As many of you know, before I heard the still small voice of calm  calling me to this ministry, I was a banker. I also have significant experience of the oil industry, a place awash with money and the sometimes dog-eat-dog machinery of high finance. And so it was with dismay that I heard today that the spectacularly failing Co-operative Bank is to pay its top executives millions, nay billions, in bonuses. Let us remember that very recently, the same bank divested itself of the services of its Chief Executive, a troubled soul who dabbled in drugs hard and soft, was often seen in the company of inappropriate female persons and regularly went on expensive fact finding missions, usually to sunny places noted for drugs, libidinous music and inappropriate female persons.
                                      
And so, faced with calls from my flock to react to this news of unearned bonuses, I asked myself, “What would Jesus have done?” The young man with the wire in his ear suggested, “Shoot the bastards” whilst my lady wife shouted “Bring it on!”, spilling quite a lot of last year’s elderberry/vodka brandy on the fireside rug.
                                       
But of course, as the leading cleric in this country, I cannot support such extreme views, so I sat with my companions and began thoroughly to analyse the Co-operative story so far. Had the bank overreached itself? Had it been led by greedy financiers who had secured bonus-rich contracts from Chief Executives who dabbled in drugs and sought the company of inappropriate female persons? Have the fortunes of the Bank been turned around after its near-collapse? Has, in fact, the situation become very much worse? The answers were obvious. YES,YES, NO,YES.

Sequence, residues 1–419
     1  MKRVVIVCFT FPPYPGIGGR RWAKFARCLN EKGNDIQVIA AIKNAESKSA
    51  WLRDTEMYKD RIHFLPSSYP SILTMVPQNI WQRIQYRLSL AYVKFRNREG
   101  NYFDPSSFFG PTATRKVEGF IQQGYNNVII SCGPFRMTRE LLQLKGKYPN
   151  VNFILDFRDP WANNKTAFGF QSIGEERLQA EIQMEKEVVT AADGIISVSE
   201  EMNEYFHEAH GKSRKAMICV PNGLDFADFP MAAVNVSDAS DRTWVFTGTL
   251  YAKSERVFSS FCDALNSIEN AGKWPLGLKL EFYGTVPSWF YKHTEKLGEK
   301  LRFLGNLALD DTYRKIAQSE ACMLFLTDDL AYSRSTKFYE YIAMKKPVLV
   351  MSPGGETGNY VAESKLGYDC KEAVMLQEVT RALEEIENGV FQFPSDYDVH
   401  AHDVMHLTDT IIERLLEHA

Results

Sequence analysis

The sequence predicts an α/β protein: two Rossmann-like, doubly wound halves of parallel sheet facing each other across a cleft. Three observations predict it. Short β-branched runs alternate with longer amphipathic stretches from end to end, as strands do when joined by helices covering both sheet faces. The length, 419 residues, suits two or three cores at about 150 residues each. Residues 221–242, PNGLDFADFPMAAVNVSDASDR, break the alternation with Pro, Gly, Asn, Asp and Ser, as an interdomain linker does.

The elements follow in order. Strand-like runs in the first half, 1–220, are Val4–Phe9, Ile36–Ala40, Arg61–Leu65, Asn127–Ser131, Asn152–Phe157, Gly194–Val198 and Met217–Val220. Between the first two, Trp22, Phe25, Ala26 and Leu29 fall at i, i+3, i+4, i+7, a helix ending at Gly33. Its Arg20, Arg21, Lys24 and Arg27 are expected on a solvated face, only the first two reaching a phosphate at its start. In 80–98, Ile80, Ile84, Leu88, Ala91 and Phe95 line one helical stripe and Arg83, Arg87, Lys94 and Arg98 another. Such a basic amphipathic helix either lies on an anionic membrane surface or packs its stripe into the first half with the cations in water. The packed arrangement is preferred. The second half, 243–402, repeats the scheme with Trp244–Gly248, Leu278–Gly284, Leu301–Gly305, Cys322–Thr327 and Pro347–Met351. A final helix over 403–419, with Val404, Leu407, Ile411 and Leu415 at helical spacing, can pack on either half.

These sobering facts stared bleakly back at me. Through the good offices of the young man with the wire in his ear, I obtained the private number of the present CEO of the Co operative Bank and asked him how on earth he could justify bonuses for people who were doing such a bad job. To his credit, he did not trot out the usual excuse that if these incompetents aren’t paid eye-watering bonuses, they would go abroad. Instead, he told me to sod off and go sing a hymn.